When Laudato Si' declares that "Jesus took up the biblical faith in God the Creator, emphasizing a fundamental truth: God is Father" (¶ 96), it fails to remind us that the same Jesus speaks of his desire to fold Jerusalem under his wings as a hen gathers her chicks to herself (Matthew 23:37, Luke 13:34)— echoing a biblical image of creation that is actually the very first image of God we encounter in Jewish scripture, in the narratives about the creation of the world.
Such citations surely ought to make us wonder about the assertion that it was absolutely central to Jesus's work as redeemer to reval that God is father. And they might also make us wonder why, if the creation narratives see the created world coming forth from a God who broods over the unformed void as a mother bird broods over her nest, the encyclical speaks of the divine creator in exclusively (and overweening) male terms (¶ 73). And why, when it reminds us that the "entire material universe speaks of God’s love" (¶ 73), it seems oblivious to the fact that the words "matter" and "material" are etymologically rooted in the word mater . . . .
Please don't misunderstand what I've written here. I welcome Laudato Si' and think it's a crucially important document. I intend to defend it, especially against the many folks (I can see their faces in my mind's eye right now: those faces have gender) who intend to lambast it for decrying the exploitation of the environment and the unbridled greed that drives this exploitation — the greed of the few pitted against the lives of the many.
But valuing a statement by a church leader, and intending to defend it, are not the same thing as pretending that said statement is flawless. If I understand the Catholic faith correctly, Catholics are called to listen in a critical, dialogic, responsive way to our church leaders — and we're called to speak back, when we think such speech is necessary, for the good of the church and its proclamation of the gospel.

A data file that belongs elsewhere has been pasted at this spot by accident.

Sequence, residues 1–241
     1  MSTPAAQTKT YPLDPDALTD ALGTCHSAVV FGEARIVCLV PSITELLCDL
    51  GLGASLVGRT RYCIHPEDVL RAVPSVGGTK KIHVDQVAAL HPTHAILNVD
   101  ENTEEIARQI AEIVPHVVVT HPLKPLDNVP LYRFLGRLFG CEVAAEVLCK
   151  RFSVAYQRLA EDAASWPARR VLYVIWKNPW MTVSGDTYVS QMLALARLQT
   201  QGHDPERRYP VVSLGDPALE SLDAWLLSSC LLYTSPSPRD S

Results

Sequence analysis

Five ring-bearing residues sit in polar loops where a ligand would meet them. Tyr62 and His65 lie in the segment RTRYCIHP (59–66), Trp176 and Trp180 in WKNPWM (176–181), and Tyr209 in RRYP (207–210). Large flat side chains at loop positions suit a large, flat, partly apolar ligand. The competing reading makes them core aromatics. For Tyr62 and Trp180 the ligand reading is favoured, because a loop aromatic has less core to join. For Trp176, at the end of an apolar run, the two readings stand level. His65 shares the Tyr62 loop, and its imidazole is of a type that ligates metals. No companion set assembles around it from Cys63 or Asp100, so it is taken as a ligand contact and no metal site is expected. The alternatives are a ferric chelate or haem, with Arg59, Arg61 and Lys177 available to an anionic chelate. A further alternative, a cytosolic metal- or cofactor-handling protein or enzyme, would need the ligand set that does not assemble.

That's what I'm doing here, and after only the most cursory reading of a lengthy document that I intend to read more carefully, at which time, I may have some more notes to share besides these top-of-head initial responses to Laudato Si'.
In conclusion, when Pope Francis speaks (¶ 10) of how his encyclical is grounded in the life and thought of Francis of Assisi, who embraced outcasts and moved by preference among the dregs of society, and who sang with mystical insight about his love for all of creation, I ask myself what these ideas mean for me today. Who would Francis be today? Whom would he embrace?
It's hard for me to imagine he'd do anything other than Franciscan Mychal Judge did when he responded to the question of a man dying of AIDS about whether God hated him by kissing that man, folding him in his arms, and rocking him. Francis "shows us just how inseparable the bond is between concern for nature, justice for the poor, commitment to society, and interior peace," Laudato Si' notes.
But as the demonstrations this past week in the pope's home country of Argentina against violence towards women remind us, all of these issues cannot be adequately discussed in the world today without discussing issues of gender, of male entitlement and female subordination, and of the constantly repeated insinuation, from the leaders of the Catholic church itself, that LGBT people simply don't exist and don't count when things like poverty and injustice are discussed.
Unfortunately, Laudato Si' never gets around to such discussion — though I'm pretty sure Francis of Assisi would, if he were among us today.